In my Answers Magazine article and in my book (co-written with Justin Taylor) The Final Days of Jesus, I have implicitly assumed that Jesus was crucified on Friday (though our main argument was that Jesus died most likely in AD 33 rather than in AD 30). I’m hardly the only one who believes that Jesus died on a Friday (“Good” Friday), but some have taken issue with the fact that such a belief stands in apparent conflict with Jesus’ statement in the Gospel of Matthew that “just as Jonah was three days and three nights in the belly of the great fish, so will the Son of Man be three days and three nights in the heart of the earth” (Matt 12:40, ESV).
On the face of it, I can certainly appreciate that those who employ a very literal hermeneutic are troubled by this passage, for if Jesus was crucified on a Friday, he was in the tomb at best three days and two nights, which would conflict with Jesus’ own affirmation in Matthew. As we will see, and is so often the case, hermeneutics is critical when tackling this apparent contradiction. In dealing with this question, we come to a fork in the road. Are we going to: (1) start with a word-for-word reading of Matthew 12:40 and, on the basis of a high view of Scripture (inerrancy) try to make the rest of Scripture conform to a literal “three days and three nights” interpretation? or (2) investigate whether there is a way to understand Jesus’ statement that does not involve him in actual conflict with the belief, abundantly attested elsewhere in the New Testament (as we shall see shortly) that Jesus in fact died on a Friday and was subsequently raised “on the third day”?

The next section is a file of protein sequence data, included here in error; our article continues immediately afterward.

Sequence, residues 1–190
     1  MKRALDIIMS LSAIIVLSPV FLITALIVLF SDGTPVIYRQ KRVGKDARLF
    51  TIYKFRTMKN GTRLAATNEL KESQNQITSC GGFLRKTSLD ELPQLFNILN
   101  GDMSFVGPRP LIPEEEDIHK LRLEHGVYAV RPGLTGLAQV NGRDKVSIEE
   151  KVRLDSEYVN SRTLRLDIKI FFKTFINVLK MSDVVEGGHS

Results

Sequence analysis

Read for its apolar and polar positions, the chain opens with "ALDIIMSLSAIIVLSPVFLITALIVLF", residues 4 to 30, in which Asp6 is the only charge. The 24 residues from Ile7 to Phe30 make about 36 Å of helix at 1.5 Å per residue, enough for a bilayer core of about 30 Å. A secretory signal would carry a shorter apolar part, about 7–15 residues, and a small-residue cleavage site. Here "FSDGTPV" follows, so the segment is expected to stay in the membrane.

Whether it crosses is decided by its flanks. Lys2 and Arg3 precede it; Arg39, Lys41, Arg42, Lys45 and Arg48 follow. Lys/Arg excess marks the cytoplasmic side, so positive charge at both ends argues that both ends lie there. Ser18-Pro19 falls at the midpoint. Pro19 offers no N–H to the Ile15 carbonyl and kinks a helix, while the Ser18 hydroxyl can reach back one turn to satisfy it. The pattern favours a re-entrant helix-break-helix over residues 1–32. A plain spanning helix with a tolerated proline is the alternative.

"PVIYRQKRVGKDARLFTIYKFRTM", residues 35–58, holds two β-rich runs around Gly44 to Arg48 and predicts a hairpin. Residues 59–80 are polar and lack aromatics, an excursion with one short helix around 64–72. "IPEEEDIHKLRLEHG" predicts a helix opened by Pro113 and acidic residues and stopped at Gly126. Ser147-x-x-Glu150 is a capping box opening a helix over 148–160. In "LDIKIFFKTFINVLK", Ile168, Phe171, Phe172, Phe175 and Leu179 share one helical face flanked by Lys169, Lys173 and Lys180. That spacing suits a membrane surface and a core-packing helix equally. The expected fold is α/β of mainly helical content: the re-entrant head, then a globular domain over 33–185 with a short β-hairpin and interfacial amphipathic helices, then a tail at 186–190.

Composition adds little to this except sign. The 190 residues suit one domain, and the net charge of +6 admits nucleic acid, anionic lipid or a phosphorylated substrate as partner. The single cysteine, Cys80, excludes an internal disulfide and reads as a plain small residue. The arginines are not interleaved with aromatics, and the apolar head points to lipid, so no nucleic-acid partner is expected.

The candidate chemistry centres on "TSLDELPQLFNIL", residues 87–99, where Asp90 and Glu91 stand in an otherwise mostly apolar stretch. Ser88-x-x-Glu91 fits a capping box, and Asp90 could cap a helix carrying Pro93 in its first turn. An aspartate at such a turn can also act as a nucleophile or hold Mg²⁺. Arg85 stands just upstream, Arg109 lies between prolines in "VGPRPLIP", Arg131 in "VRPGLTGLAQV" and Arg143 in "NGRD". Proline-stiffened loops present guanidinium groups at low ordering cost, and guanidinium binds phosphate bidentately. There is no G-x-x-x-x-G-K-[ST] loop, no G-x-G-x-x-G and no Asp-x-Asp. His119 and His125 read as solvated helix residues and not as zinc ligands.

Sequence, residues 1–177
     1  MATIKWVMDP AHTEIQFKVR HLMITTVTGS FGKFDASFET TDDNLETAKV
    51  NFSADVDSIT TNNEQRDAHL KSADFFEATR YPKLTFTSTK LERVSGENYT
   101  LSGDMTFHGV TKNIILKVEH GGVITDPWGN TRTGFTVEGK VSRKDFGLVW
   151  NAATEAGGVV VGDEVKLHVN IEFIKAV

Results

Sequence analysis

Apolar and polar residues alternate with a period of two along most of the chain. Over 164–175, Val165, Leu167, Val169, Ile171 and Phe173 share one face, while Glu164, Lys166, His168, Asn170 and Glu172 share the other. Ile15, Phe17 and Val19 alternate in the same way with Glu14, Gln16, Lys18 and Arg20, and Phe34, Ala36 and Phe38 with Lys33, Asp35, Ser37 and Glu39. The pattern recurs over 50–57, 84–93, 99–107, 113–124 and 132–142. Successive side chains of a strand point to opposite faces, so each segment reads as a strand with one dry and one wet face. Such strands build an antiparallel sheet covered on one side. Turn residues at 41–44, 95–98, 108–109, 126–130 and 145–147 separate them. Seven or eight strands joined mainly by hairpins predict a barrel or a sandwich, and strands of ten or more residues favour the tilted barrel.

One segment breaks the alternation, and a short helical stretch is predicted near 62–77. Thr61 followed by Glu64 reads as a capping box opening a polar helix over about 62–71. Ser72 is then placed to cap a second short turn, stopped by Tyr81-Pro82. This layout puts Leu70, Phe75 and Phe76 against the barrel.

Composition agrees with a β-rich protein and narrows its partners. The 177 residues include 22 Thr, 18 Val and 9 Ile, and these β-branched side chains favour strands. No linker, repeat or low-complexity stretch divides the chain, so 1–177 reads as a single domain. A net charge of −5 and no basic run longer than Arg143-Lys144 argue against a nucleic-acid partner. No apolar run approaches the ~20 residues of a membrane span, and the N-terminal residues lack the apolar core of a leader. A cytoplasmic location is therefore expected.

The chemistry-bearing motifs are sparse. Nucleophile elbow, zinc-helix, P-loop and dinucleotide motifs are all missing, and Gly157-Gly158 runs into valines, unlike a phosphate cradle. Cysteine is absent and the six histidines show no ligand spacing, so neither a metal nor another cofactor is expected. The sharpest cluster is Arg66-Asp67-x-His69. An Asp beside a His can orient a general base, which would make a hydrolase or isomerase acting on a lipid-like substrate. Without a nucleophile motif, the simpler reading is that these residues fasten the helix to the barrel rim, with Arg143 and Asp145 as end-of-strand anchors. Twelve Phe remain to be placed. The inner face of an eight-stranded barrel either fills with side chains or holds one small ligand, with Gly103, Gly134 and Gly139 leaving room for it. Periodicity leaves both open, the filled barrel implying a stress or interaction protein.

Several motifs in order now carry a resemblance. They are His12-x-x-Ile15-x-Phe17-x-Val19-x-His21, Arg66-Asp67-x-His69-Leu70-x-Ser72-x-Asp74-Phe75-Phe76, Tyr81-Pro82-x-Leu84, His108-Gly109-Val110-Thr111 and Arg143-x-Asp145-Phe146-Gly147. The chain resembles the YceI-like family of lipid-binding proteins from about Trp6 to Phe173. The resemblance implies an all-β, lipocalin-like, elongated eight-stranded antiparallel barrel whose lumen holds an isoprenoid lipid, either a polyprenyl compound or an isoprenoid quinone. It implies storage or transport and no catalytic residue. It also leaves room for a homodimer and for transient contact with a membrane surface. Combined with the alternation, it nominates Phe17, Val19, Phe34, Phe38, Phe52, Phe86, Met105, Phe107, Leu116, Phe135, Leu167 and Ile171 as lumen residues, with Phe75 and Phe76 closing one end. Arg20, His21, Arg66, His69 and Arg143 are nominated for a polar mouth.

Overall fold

Of course, the day Jesus died is not nearly as important as the fact that he, the God-man, did die for our sins on the cross. All sides can agree on that. So this is not so much a theological question as it is a hermeneutical and exegetical issue. My preference in the above scenario is (2), so I’m going to proceed accordingly, though you’ll get to the same place (or at least you should, in my view) regardless of where you start.